Cellular Entry of HIV: Evaluation of Therapeutic Targets

Author(s): Stefan Pohlmann, Jacqueline D Reeves.

Journal Name: Current Pharmaceutical Design

Volume 12 , Issue 16 , 2006

Submit Manuscript
Submit Proposal


In the absence of a vaccine which could stop the HIV/AIDS pandemic, the development of therapeutic options is of utmost interest. The combined use of inhibitors of reverse transcriptase and protease as highly active antiretroviral therapy (HAART) provided the first effective treatment of HIV/AIDS and significantly decreased the number of AIDS related deaths in industrialized countries. However, the emergence of resistant viruses and the toxic side effects of HAART highlights that novel therapies are urgently required. The inhibition of HIV-1 entry is a promising option. Entry of HIV-1 into target cells involves interactions of the viral envelope protein (Env) with CD4 and a coreceptor, usually CCR5 or CXCR4. Env binding to receptor triggers several conformational rearrangements in Env, which involve the creation and/or exposure of structural intermediates pivotal to fusion of the viral and cellular membranes. Both, cellular receptors and structures in Env associated with membrane fusion are targets for therapeutic intervention. Here, we will discuss how HIV-1 enters cells and introduce strategies how this process can be inhibited.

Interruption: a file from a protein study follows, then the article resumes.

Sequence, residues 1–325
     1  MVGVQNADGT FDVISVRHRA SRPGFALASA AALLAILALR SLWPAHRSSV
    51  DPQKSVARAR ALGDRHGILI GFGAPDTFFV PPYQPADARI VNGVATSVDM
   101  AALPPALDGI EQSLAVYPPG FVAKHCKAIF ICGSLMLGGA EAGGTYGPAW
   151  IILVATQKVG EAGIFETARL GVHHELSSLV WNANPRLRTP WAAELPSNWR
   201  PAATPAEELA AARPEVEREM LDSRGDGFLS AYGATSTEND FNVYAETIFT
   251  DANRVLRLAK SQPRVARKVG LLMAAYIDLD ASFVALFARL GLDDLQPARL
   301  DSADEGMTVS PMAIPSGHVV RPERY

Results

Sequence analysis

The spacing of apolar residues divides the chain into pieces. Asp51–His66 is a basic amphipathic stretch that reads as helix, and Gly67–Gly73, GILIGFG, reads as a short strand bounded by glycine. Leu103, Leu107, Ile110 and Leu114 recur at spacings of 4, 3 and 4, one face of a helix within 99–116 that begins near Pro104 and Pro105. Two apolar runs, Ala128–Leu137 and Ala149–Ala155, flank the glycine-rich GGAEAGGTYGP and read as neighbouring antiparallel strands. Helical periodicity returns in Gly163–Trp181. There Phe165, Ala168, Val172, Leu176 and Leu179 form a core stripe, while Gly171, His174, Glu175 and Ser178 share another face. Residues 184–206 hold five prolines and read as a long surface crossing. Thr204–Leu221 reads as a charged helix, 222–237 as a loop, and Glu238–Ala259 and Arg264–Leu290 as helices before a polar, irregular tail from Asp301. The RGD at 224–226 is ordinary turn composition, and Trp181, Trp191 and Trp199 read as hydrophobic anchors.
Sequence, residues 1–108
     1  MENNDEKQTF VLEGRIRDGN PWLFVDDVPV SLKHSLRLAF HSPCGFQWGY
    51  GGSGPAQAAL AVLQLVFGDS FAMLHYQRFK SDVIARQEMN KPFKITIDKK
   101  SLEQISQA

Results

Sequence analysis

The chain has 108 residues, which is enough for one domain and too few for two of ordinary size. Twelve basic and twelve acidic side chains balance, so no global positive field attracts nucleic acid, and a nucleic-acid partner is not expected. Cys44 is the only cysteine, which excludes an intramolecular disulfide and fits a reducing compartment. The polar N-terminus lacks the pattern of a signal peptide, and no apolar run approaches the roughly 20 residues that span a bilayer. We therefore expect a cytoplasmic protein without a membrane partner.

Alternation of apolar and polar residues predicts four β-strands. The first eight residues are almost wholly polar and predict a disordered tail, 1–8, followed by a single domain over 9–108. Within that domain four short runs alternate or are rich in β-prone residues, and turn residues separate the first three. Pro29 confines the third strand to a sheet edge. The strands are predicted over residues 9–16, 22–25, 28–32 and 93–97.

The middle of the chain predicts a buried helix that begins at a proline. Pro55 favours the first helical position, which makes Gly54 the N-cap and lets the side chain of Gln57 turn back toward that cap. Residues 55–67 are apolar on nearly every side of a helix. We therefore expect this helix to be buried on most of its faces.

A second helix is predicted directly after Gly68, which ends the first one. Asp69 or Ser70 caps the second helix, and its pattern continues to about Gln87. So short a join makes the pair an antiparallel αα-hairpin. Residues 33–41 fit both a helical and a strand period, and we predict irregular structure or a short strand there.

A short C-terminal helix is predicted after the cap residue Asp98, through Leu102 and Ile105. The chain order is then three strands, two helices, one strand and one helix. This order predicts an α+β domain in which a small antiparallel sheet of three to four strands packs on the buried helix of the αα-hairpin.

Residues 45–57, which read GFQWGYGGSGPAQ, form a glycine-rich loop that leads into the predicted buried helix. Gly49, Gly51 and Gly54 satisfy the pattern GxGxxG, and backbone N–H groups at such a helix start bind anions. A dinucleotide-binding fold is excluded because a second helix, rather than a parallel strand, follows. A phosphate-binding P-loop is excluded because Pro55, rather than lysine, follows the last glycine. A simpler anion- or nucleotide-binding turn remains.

Keywords: HAART, nucleoside RT inhibitors (NRTIs), CD4 binding, gp120, Cyanovirin-N, CXCR4 inhibitors

Rights & PermissionsPrintExport Cite as

Article Details

Year: 2006
Page: [1963 - 1973]
Pages: 11
DOI: 10.2174/138161206777442155
Price: $58